Trucks – The 1979 Paris-Dakar couldn’t have been possible without the team support trucks, which often followed the same rough and rugged route as the cars and bikes. Pinzgauers and Unimogs, jacked up and fitted for duty, tracked across Europe and Africa, chasing their bosses. Apparently they were a hit, because the very next year they got a racing class of their own. Trucks are now divided into two classes, T4, and T5. T5 trucks support the racers, often team-specifically, but don’t participate in competition. T4 trucks are mostly for racing, though homologated examples can offer support mid-stage.
These massive machines, built by companies with hard-edged, Eastern European names like Kamaz and Tatra might be the most spectacular machines on the course, bombing over sand dunes, spewing black diesel smoke to mingle with their white, sunlit dust trails, holding true to the tradition of their forebears.
This year made for a bit of an upset, as the Kamaz cab-over trucks, long-installed as the Dakar champions, suffered defeat at the massive wheels of the newcomer front-engine Iveco trucks. This year’s winning truck, piloted by Dutchman Gerard de Rooy, employed a 900 horsepower C13 diesel. Trucks have to weigh more than 7,700 pounds to compete, though, so that massive cavalry charge was put to good use.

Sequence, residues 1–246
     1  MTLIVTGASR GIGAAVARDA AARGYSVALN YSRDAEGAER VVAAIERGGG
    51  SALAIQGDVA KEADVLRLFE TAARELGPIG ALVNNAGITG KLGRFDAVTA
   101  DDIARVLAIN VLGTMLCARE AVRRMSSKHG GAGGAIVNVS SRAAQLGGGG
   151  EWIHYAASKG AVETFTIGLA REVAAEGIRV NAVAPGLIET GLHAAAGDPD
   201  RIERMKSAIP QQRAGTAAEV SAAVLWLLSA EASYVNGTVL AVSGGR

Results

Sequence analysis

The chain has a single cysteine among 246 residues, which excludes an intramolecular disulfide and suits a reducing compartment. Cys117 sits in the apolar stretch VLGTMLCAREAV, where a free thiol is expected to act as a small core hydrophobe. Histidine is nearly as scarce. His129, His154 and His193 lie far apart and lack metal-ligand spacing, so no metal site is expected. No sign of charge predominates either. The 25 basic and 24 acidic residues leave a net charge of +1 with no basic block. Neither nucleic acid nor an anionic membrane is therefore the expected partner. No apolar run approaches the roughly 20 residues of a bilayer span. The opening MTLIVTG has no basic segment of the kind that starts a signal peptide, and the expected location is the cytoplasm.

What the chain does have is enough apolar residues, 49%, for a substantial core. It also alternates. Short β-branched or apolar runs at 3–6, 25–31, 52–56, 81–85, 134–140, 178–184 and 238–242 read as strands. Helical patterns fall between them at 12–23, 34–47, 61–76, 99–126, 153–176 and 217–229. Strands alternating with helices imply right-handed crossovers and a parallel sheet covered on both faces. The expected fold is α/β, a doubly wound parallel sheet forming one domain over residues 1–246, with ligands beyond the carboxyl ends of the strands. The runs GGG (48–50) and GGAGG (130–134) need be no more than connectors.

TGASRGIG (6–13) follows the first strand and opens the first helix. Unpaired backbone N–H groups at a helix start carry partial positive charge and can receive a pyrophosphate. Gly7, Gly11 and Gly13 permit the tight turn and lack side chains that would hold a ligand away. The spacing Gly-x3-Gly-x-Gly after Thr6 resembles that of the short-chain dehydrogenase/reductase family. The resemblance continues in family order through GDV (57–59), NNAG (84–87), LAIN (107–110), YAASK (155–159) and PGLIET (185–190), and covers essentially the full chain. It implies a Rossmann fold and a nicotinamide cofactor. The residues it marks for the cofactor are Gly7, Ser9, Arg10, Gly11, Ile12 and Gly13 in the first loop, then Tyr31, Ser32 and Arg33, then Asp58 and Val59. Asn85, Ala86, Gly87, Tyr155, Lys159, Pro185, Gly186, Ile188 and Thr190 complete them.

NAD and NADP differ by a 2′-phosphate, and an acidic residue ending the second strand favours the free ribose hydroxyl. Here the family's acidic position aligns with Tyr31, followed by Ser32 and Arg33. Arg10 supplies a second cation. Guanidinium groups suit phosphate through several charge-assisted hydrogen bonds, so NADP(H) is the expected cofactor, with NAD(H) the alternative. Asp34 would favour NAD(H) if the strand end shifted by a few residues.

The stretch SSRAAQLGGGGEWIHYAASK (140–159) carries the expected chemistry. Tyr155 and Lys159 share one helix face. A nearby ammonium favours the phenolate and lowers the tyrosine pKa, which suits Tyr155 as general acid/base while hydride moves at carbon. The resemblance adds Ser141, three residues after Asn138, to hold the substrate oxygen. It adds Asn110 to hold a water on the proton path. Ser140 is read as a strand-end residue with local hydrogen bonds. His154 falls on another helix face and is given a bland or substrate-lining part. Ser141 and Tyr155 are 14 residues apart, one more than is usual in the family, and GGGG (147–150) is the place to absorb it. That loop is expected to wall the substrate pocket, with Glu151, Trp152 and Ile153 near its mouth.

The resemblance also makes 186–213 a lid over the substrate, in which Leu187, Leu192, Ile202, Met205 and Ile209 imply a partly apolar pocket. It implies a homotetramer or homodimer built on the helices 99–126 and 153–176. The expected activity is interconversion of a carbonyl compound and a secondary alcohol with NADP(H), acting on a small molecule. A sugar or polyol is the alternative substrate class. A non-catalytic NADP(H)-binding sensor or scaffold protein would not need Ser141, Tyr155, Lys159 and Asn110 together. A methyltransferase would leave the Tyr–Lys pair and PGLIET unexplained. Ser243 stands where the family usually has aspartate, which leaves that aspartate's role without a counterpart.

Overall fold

Cars – Finally, the cars are for many the stars of the Dakar Rally. “Cars” is a loose term to differentiate these rally buggies from the trucks, but nothing resembling a “car” has been run at the Dakar in some years. Most of these vehicles are vaguely reminiscent of production SUVs like the BMW X5 or the Volkswagen Touareg, though they are usually mid-engine tube-framers, built from the ground-up for Dakar. (A production class of cars also races, and these can only be lightly modified from their homologated cousins. Last year a Ford F-150 Raptor took the prize in this class).